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Four candidates are vying for the vacant 17th Assembly District seat — which covers most of the San Francisco’s eastern and southeast neighborhoods — in a Feb. 15 primary election that could set the stage for a showdown at the ballot box this spring.
The candidates recently took part in a debate hosted by the Commonwealth Club of California.
In the running are Supervisor Matt Haney, who is also former Board of Education president; former Supervisor David Campos who most recently served as chief of staff at the District Attorney’s Office; City College of San Francisco board trustee Thea Selby, also a small business owner and co-founder of the Lower Haight Merchant and Neighbor Association; and entrepreneur and neuroscientist Bilal Mahmood, a former policy analyst with the administration of former President Barack Obama. All candidates are Democrats.
“I see a California where we stop talking about poverty and actually mending poverty beginning with a true living wage. I see a California where homelessness is not left to the generosity of each individual city or county but is approached as a humanitarian challenge that the entire state must pay to solve,” Campos said. “I see a state where we can create middle class jobs today by investing in the affordable and green energy that will save our planet tomorrow; a state where we don’t confuse luxury housing with affordable housing; a state where we end hunger now; and a state where we grow our economy and we actually share our prosperity fairly.”
“I’m running because we have huge challenges in our state that are overlapping and reaching crisis levels. Housing is unaffordable, except for the very rich,” Haney said. “Homelessness is out of control not only in San Francisco but across the state. We have a climate crisis and emergency that is seeing every year more wildfires, the threat of sea level rise and we aren’t seeing solutions put forth at the state level that we need.”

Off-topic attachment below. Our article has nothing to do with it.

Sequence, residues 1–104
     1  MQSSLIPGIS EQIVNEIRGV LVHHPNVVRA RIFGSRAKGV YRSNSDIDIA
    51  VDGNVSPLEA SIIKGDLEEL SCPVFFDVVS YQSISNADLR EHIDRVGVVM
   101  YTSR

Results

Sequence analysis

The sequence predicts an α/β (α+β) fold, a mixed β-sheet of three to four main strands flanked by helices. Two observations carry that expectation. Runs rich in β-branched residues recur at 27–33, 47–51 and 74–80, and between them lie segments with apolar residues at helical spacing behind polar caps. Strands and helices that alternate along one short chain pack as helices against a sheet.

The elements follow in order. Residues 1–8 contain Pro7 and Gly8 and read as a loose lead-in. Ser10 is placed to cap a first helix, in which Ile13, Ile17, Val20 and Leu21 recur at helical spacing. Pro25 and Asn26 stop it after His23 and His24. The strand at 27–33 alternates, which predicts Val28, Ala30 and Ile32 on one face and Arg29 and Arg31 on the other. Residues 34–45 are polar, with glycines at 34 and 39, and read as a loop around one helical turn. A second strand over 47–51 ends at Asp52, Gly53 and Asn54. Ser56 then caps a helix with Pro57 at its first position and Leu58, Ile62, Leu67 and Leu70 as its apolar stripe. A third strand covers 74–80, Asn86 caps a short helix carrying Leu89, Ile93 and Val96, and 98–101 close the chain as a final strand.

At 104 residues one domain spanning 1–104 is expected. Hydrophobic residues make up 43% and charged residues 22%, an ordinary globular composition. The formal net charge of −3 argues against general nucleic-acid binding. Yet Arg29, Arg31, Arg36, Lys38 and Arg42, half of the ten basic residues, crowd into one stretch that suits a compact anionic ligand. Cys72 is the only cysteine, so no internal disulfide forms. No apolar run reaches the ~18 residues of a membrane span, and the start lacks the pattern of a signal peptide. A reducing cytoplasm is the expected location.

“We need a new type of vision in our city,” Mahmood said. “The dream of the middle class is really disappearing. If you look around the city, the cost of rent is increasing, the number of unhoused has increased, the number of opioid related deaths is twice the number of COVID deaths, transit lines have diminished, and we all have a climate disaster that’s facing us in the next eight to five years.”
Mahmood added, “I’m running because for state Assembly because I think we need the courage and innovation to solve these problems.”
“I am a woman and I have raised family. I’m also a parent — the only parent in this race. I have a whole world of experience that comes from raising a family in this city. I know how hard it is,” Selby said. “I think we all deserve to have all those things, that not just working families, but that everyone deserves, which is to be living in neighborhoods that are safe and thriving. We all deserve safe streets, good schools, fair housing, good transportation, and good communities. I certainly will fight for our working families, but I also will fight for small businesses.”
The seat is up for grabs after former Assemblymember David Chiu took over as San Francisco city attorney back in November. Mayor London Breed appointed Chiu to the position after she had previously appointed former city attorney Dennis Herrera to serve as general manager of the San Francisco Public Utilities Commission.
Once the primary election takes place on Feb. 15, if no candidate receives a majority vote, or more than 50 percent, a general election will occur on April 9 in which voters will then choose between the top two candidates from the primary election. The winning candidate will serve until the start of the next term in January 2023.